A number of books made their way into print during the holiday crunch. None were so beautifully melancholic as Ron Rash's The Cove (Publisher: Ecco; On Sale: November 6, 2012; Cost: $14.99). From page one, the work is imbued with a tangible sense of sadness that amplifies the several, dark themes of the novel, ranging from xenophobia and isolation, to the question of unrequited love and the elusiveness of joy. When these elements are coupled with Rash's masterful storytelling, the work is as beautifully tragic as it is beautifully written.
The tale follows the lives of Laurel and Hank Shelton, a recently orphaned set of siblings in their early 20s, trying to eek out an existence in the hollow of a foreboding, granite outlet known as the cove. Set during the waning months of World War I, much of the Mars Hill community has struggled to cope with the rising costs of war, including Hank Shelton, whose left arm remained somewhere in France as a result.
Upon Hank's return, the humdrum of rebuilding the Sheltons' farm is shaken when a mute transient named Walter happens upon the seclusion of the cove. The man proves an able worker, quickly earning the trust of Laurel and eventually Hank, although his past remains a mystery. For Laurel the chance encounter is particularly intriguing, since Walter is both an eligible bachelor and ignorant of the local lore surrounding her family, the cove and a peculiar birthmark on her leg. For Hank, Walter's arrival is a golden opportunity to finish the necessary repairs on the farm and to leave his sister in in the care of a husband who can provide a good life for her.
Despite being cut from the lower rungs of the social hierarchy, love blooms amidst the craggy environs of the cove, perhaps as it inevitably should. Rash paints the relationship between Laurel and Walter as one of awkward innocence, rather than one of heated attraction but the approach works, giving an air of realism and honesty to the coupling. After all, most relationships are awkward at first. Only the best ones progress to being awkward in bed.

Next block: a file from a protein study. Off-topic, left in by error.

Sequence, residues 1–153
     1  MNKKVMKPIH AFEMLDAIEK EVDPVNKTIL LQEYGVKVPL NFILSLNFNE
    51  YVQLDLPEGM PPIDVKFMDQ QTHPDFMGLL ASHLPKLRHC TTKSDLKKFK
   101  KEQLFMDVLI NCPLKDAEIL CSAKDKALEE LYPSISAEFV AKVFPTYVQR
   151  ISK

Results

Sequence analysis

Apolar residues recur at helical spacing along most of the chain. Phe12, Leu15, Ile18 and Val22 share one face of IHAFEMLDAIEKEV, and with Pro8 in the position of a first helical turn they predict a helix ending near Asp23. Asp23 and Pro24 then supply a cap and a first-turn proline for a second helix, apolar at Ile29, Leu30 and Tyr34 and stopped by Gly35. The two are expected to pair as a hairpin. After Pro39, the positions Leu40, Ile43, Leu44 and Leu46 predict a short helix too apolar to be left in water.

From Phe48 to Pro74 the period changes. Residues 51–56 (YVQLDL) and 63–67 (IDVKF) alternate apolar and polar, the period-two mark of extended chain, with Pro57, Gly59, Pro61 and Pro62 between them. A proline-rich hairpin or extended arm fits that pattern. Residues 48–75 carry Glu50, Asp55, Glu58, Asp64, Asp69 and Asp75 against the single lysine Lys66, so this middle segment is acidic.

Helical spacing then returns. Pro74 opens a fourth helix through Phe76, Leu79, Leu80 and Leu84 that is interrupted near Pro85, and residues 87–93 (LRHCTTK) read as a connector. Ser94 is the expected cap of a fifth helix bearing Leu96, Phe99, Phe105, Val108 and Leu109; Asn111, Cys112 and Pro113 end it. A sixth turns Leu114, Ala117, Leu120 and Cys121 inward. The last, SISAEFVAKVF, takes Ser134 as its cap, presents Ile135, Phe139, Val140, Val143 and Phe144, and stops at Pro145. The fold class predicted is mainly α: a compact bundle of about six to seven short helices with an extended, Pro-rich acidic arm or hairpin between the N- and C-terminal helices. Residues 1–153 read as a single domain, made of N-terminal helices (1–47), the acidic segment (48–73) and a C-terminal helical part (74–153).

Being a tragedy, I am reluctant to divulge much more of the plot for fear of giving away some of the novel's twists and the ending. But one theme that bears some discussion is the relationship between an individual's landscape and their perception of reality. Rash argues that the area in which a person is reared can have tremendous ramifications for how a person perceives their lot in life. Or as he puts it, "landscape is destiny."
On the one hand, the connection between peoples and their lands is nothing new. Cultures on every habitable part of the world have fought and died over this very concept. But Rash takes this idea and localizes it to create one of the most unique motifs in literatures - the suggestions that the landscapes surrounding us can permanently alter, for better or worse, how we perceive life itself.
Naturally, I doubt the application of Rash's theory, but in the novel the fiction works quite well. For the Sheltons, the gloomy depths of the cove mark the beginning of a mournful provenance that runs throughout the novel. As a reader, this creates a perversely compelling dichotomy - over and over again I hoped for the best, while the characters seemed only to hope for not the worst.
Managing such low character expectations in a novel would be difficult were it not for the role of the cove itself in dashing so many hopes for both Laurel and Hank. The granite cliff creating the cove is a constant presence in the novel, lurking behind whatever joy that manages to seep into its shadows, ready to snuff out any mirth like a candle in the winter's air. Yet, the landmark is idle, no more a character in the novel than the Great War. The hope that keeps one turning, page after page is that the characters can make an escape from such a dreary place.
Laurel Shelton describes long suffering as follows:
Waiting for her life to begin. Still waiting a year after her father's death. But now she felt something was about to happen, maybe already had happened, a beginning this stranger might be apart of. p.47Here, the cove serves the role as a barrier to time for Laurel, placing her life on hold, preventing her from embracing any other reality beside the doldrums of its confines.
Finally, what makes Rash's novel particularly compelling is that he provides glimpses of the happiness that might have been, perhaps in a different place, a different era, under different circumstances. Readers have little doubt that the novel is a tragedy going in, but Rash does a powerful job of lulling readers into meditative sense of security before the bell tolls.
As love finds Walter and Laurel, she steps outside the cabin to reflect:
This was something rarer. Happiness, Laurel thought, that must be what this is. She picked up the kindling and went inside. She and Walter and Hank stayed by the hearth past mid-night, and no one spoke and no one seemed to want to, as if a single utterance might break some benevolent spell that had been cast over the cabin. p.135For just a moment, it's easy to forget that further tragedy awaits the trio inside the cabin. It's easy to forget the work that went into the farm repairs in the preceding chapters, the circumstances which brought Walter to the cove, and the xenophobia against German-Americans running rampant in the nearby town.
In fiction as in life, it's easy to sit by the hearth and enjoy the warmth. Of course, this happiness cannot last long in either realm. Life is simply too messy, too brutish, and too short, to borrow a bit from Hobbes. In Rash's world, we are reminded how these quiet moments can be an opiate for the cold of the present.
- Posted using BlogPress from my iPad